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Following several days of rain, mist and otherwise cloudy, cool weather it appears that we are in for a spate of sunshine and warmer temperatures. This is good news on many fronts and is most noticeable in the greening of open fields and pastures. Already the leaves on the poplar trees are big (or bigger) than a mouse’s ear, which means it’s time to go brook fishing. In addition, the appearance of hornets, mosquitoes and black flies suggest that the busy time of year is close upon us.
I enjoyed some interesting wildlife sightings this week, highlighted by the arrival of a flock of mallard ducks that flew into the back yard every morning for several days. There is no water here, and other than separate piles of sunflower seeds and cracked corn there is nothing to attract ducks to this location, but there they were. The turkeys were just as amazed and curious as I was to see puddle ducks where there are no puddles. I was able to get several pictures of the ducks and turkeys feeding side by side, a “jakes and drakes” scenario that one does not see every day.
Also, earlier in the week I heard the first loon of the season fly over, yodeling for all he was worth. Most of the ponds in my area are free of ice and open for business, with blue herons, ospreys and kingfishers already settled in for the season.
In recent days I’ve seen Baltimore orioles, rose-breasted grosbeaks, cowbirds, red-tailed hawks and the usual complement of robins bobbing around on the lawn. This all seems somewhat premature because the leaves have not yet come out on the maples, oaks and birches. The background is still essentially a winter scene, all dull, brown and gray, but no one, it seems, is waiting any longer. In fact, I noticed that a robin had built a nest in the fork of a tall maple just outside my kitchen window, and already the blue jays are pestering the female in hopes of driving her off and eating her eggs. Those pretty blue scavengers are relentless and I have a feeling the robin will have to re-nest before long, but such is life outside our windows.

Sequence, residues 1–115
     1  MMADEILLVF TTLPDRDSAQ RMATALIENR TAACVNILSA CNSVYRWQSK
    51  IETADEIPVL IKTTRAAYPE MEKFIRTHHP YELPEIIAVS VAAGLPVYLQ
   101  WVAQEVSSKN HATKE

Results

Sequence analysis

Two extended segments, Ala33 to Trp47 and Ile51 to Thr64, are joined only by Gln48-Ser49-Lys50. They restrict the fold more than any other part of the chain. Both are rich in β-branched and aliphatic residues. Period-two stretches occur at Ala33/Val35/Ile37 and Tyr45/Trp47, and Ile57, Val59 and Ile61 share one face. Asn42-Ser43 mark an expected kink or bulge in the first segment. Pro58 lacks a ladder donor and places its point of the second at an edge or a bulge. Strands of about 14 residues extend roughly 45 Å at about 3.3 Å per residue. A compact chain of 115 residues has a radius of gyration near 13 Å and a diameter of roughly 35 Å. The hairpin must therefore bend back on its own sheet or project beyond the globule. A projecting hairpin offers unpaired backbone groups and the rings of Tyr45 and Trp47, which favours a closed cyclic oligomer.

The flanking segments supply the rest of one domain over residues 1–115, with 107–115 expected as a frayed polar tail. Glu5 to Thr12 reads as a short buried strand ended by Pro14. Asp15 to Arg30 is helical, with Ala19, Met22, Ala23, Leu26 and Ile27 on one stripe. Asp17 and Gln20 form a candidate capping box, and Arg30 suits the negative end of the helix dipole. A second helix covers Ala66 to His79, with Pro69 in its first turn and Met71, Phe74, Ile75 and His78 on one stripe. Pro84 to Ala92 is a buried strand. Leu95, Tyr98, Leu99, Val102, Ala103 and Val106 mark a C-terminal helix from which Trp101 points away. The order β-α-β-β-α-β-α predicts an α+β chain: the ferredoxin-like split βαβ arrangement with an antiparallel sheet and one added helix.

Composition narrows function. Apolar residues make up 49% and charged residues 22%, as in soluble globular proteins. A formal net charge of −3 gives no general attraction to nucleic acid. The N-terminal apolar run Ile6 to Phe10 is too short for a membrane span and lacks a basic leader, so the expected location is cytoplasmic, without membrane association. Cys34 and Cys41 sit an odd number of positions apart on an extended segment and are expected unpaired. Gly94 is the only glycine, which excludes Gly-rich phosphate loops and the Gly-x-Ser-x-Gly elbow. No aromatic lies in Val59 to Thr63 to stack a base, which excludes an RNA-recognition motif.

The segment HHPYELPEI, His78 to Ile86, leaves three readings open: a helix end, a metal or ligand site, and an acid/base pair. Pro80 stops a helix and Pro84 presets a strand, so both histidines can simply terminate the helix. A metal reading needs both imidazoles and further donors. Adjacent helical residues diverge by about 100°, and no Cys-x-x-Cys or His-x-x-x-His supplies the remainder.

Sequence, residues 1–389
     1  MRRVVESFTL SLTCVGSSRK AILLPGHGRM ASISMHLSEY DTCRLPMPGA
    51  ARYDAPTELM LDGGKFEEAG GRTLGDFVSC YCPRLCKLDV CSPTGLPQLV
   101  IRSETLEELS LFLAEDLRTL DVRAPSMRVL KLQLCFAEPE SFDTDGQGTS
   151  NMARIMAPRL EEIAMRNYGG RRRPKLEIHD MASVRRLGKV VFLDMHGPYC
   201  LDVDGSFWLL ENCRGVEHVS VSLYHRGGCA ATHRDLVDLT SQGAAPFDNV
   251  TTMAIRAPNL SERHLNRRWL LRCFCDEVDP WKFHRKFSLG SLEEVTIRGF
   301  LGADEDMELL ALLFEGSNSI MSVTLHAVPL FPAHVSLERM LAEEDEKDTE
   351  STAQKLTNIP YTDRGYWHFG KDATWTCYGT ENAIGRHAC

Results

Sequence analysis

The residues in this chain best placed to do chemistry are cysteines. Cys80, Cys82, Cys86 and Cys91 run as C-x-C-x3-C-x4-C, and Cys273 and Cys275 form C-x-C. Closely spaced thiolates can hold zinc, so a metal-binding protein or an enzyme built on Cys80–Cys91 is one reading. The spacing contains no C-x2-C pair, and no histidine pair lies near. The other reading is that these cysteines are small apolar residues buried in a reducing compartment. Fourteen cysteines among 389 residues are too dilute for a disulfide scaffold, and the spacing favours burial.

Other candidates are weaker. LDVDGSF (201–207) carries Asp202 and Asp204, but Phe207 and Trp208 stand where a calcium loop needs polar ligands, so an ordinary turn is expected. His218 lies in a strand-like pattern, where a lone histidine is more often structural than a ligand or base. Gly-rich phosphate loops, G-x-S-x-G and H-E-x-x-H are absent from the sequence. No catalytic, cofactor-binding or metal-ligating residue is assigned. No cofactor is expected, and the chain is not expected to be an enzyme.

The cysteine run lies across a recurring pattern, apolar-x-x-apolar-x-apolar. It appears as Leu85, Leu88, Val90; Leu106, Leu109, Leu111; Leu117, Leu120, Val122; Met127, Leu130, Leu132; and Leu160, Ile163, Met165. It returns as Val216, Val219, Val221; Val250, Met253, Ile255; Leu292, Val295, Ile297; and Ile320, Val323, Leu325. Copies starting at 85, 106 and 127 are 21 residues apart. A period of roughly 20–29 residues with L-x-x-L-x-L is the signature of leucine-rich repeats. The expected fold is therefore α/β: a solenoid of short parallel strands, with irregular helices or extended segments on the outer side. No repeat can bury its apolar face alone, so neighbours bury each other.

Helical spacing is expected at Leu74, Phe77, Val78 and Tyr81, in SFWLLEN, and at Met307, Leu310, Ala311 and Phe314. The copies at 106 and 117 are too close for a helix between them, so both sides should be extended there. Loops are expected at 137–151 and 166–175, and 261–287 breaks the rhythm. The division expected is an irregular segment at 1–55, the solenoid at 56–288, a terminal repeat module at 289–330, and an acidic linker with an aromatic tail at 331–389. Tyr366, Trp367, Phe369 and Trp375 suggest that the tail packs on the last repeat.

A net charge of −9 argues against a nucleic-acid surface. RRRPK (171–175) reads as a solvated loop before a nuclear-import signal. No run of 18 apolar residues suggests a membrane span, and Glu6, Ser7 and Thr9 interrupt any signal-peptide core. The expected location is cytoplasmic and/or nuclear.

Meanwhile, the mini orchard is coming along surprisingly well (and early). The pear trees have blossomed and the plum trees are days ahead of them. I am hoping for a bumper crop of fruit this year, all in time for me to enjoy the harvest while I’m out deer hunting this fall.
It also looks like I’ll have plenty of strawberries to graze on this summer. All 100 of the new plants I put in have grown several inches already, and if this year is anything like 2016 I should be able to glean a quart of berries every day for several weeks. While mine are not necessarily ever-bearing they provide a continuous flow of berries well into September. I freeze some but eat most on site, which is a big part of the fun of gardening.
Because it’s been cold, rainy and overcast for much of the last month or so I’ve decided not to plant anything fragile until May 10 or so, when it’s all but assured that there will be no more frost. Last year I was too hasty with the cucumbers and none of the first planting came up. I expected the worst but hoped for the best. I ended up replanting several hills that, once warmer weather came in, grew very nicely. Patience is definitely a virtue for any backyard farmer.
This spring has been unique for me in one very noticeable way. I have been traveling the Maine Turnpike since it was built in 1965 and I always looked for deer on the side of the road and have never seen one! I have been on I-95 at all hours of the day from Kittery to Fort Kent and have never seen anything other than porcupines or road-killed raccoons. Well, all that changed this week when I made a trip to the VA hospital in Augusta. Along the way I saw four deer on the northbound side and three more on the southbound side – the very first time I’ve seen a deer on that highway in over 50 years. I don’t know why I have no luck spotting critters along the highway but hopefully the dry spell is over. I’d hate to estimate how many miles of empty interstate I’ve scanned over the decades but I’m sure it’s many thousands. Other people see deer, bears, moose and other wildlife but this was my first highway whitetail sighting ever.
They say that timing is everything and I think that may be true. I won’t be planting any garden seeds for another week, which means I can go trout fishing every day if I want to. I was raking leaves around the rose bushes the other day and found dozens of nice, fat garden worms underneath, which I put into a pot of peat moss in anticipation of my first trip to the local trout stream.
It may be a tad early to start brook fishing but, as I mentioned, the leaves on the poplars are big enough to signal the start of spring fishing and so far they’ve never been wrong. I’ve tried fishing earlier just because the season was open and the water seemed right, but I’ve found that the best trouting comes when those leaves pop out and the black flies begin to bite. You can stretch it, amend it, twist it or turn it but those fat brookies ultimately decide when they are going to start feeding in earnest and there’s nothing the angler can do but wait and hope.
Speaking of timing, if I head out at the right moment I should be able to combine fresh-caught trout with a steaming bowl of fiddleheads. That’s about as Maine as it gets in spring!

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